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    Musing: Old Dog Lesson

    This isn’t the Monday Musing I planned. In fact, I had something else already written and ready to go. But as I stood outside on a frosty Christmas morning, I realized I needed to explain a lesson I learned from an old dog instead.

    The original musing

    My original post focused on my annual planning process, since I’m in the midst of goal setting for 2023. It quoted three books I’ve recently read: Quit: The Power of Knowing When To Walk Away by Annie Duke; Four Thousand Weeks: Time Management for Mortals by Oliver Burkeman; and The Bullet Journal Method: Track the Past, Order the Present, Design the Future by Ryder Carroll.

    The gist of my post was to schedule what is truly important, not just what is productive.

    All I needed to do was hit publish.

    A cold morning

    Like much of the rest of the U.S. and Canada, we’ve had some quite frigid weather the last few days. When I woke up Saturday morning, it was -2º F, so the positive 11º temperature Christmas morning seemed almost balmy.

    Almost.

    Our eldest dog, Frankie, goes out to the yard first. He’s lived with us for eleven years, and was probably two or three when we adopted him, so he certainly qualifies as elderly.

    One of those “perks” of age is a bladder that needs more frequent attention. He appreciates the ability to take care of matters privately while the younger dogs sleep.

    Another consequence of age is the time it takes our joints and muscles to be ready for the day. Typically, Frankie is efficient in his early yard time, often going out and coming back inside within only a few minutes.

    As I stood outside with him on Christmas morning, though, a scent of a rabbit who had passed earlier caught his attention. He wandered around the yard sniffing as I shivered and waited. He examined the fence, peered through the cracks at the forest beyond, and circled the perimeter back toward the house. Thinking he was ready to go inside for the warmth, I headed to the door.

    Except he wasn’t ready. He sat in the frosty grass, raised his snout high in the air, and inhaled deep. Did he catch the scent of deer in the trees? Perhaps a black bear rustling in its den? An owl shifting in its nest?

    I had no idea, but I was cold and wanted to rush inside. When I went to retrieve him, he turned his head to me. I could just see his brown eyes in the gloom of the pre-dawn light.

    His request was simple.

    What’s the rush?

    At that moment, in the peace and quiet of a Christmas morning, I realized how standing in that yard with an old dog was the most important thing I could be doing.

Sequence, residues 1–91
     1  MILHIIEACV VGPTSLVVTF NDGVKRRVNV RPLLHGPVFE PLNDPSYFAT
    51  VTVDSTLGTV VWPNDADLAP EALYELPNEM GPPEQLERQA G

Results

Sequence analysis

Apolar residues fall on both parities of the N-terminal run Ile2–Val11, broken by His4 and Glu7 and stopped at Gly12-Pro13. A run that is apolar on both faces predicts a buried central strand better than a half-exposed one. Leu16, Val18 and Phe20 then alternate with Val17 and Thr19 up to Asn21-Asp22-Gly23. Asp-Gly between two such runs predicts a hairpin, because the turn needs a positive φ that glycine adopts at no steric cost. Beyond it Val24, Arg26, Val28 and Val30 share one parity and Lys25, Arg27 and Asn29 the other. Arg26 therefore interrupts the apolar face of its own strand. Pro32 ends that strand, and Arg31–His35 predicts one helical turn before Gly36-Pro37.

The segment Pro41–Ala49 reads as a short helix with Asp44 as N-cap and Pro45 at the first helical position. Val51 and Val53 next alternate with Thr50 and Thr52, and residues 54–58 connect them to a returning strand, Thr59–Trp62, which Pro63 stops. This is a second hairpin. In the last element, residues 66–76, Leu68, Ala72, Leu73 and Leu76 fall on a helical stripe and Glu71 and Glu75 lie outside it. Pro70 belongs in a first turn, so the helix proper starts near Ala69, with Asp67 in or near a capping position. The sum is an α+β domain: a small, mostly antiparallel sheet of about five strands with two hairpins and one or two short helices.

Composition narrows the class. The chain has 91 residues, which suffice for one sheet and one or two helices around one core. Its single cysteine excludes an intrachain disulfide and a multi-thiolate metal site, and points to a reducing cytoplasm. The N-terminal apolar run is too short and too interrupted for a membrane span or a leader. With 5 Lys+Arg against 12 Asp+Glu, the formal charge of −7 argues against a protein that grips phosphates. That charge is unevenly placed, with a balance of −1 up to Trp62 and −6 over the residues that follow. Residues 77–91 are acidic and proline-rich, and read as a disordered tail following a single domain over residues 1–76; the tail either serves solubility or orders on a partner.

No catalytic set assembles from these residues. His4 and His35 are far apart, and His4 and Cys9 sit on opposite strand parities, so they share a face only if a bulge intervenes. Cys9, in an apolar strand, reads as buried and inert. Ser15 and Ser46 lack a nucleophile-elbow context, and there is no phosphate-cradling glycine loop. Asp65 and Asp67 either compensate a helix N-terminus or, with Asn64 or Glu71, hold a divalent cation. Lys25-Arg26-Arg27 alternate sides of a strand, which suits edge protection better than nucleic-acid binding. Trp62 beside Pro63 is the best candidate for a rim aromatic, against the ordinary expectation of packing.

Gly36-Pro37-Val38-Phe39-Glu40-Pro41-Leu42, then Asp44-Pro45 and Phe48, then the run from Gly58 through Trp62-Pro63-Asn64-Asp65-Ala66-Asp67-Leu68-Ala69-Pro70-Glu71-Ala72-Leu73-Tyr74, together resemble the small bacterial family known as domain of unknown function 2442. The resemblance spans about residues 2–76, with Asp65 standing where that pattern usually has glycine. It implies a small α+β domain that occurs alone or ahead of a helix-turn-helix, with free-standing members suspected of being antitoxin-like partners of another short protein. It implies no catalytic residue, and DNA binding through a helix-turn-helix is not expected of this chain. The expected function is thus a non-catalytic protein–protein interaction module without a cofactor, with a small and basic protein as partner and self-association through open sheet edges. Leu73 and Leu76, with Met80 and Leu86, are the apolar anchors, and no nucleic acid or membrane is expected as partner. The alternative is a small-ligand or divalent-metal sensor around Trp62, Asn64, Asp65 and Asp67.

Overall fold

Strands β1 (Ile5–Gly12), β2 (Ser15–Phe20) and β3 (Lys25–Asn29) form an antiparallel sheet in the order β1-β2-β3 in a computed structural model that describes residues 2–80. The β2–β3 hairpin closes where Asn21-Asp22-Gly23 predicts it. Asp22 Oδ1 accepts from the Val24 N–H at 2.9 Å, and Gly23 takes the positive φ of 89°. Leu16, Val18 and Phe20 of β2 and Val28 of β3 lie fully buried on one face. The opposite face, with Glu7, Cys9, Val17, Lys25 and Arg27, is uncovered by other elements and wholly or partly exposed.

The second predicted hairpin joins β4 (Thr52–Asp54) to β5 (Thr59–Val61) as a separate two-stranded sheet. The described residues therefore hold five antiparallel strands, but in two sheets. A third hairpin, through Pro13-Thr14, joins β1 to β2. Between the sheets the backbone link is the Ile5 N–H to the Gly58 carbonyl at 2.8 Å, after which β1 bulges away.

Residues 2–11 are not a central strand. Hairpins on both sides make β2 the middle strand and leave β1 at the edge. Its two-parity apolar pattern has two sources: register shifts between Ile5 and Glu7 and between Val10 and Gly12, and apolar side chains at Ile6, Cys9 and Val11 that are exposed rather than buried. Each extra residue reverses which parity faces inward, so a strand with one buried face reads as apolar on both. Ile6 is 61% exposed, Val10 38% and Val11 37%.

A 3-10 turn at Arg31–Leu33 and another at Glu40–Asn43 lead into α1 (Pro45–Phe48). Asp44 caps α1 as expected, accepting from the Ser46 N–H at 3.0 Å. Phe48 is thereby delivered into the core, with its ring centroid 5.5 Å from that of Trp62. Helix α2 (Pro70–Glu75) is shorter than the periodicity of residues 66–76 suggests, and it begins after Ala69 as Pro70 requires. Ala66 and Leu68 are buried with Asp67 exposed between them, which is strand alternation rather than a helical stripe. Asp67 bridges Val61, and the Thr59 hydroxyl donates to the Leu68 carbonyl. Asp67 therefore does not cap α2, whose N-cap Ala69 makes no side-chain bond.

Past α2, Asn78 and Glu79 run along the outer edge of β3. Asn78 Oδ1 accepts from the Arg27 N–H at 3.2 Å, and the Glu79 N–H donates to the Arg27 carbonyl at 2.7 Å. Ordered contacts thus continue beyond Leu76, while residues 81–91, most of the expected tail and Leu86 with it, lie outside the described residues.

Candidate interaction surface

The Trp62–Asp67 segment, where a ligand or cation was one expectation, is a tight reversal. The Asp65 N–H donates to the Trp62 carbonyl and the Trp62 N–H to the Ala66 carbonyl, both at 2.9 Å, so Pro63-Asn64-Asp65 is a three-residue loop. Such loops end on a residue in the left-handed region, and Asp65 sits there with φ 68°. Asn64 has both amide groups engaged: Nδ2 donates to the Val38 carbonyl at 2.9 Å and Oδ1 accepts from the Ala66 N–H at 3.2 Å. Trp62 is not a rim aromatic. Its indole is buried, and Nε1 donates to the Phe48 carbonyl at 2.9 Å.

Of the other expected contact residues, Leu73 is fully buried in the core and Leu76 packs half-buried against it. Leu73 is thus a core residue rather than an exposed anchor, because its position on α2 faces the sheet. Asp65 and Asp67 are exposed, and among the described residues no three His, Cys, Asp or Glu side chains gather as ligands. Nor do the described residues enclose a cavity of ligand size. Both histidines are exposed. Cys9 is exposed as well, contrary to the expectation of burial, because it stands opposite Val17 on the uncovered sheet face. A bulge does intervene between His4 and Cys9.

How many more sunrises will he and I share? I hope many and point to his lack of health issues for comfort, but memento mori floated through my brain. We can’t make time—we can only take time. At that moment, he wanted me to stand with him and enjoy our time.

    And so, I placed my hand on his head, rubbed his ears, and waited by his side.

    Intentionality

    My original post was going to talk about focusing on what is truly important with intentionality. We too often work to be productive, when often the best use of our time is anything but.

    As an example, I highlighted our twice-daily family walks. It’s partially about exercise and getting the dogs’ energy burned off, but it’s mostly about connection time. No ear buds or telephones are used. Instead, we simply talk to each other. We jokingly refer to it as solving the world’s problems because the topics range but are mostly the mundane parts of life.

    Nothing is more important than that connection. It is my top priority in my daily calendar, and everything else gets scheduled around it. It’s an intentional use of time.

    Embrace the moments

    But Frankie reminded me of something else. Every so often, those great moments happen when you least expect them—unscheduled and unplanned. Standing in a frozen yard with my hand resting on an old dog’s head was the best thing I could do. We watched the sun peek over the horizon.


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    Gratuitous Dog Photo: Frankie Suave

    Frankie Suave - an old dog lesson
    Frankie Suave

    The subject of today’s Monday Musing, Frankie Suave, in his usual pose supervising my writing time.


    Until Next Monday

    Embrace those important moments and don’t let them slip by.

    See you next Monday in 2023!

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    12 Comments

    1. JEAN BURKHARDT on December 26, 2022 at 6:51 am

      Oh Hu-Dad-I have tears in my eyes. What a beautiful post about Frankie Suave. My oldest dog is about 11 but has mobility issues too and he is usually in and out quickly for his yard breaks. BUT every once in a while there is that moment like you spoke about-when I SEE the younger version of our boy. I agree we need to make time because we just never know how much of it we have with those we love.

      LOVE your posts!!!

    2. mary michaud on December 26, 2022 at 7:47 am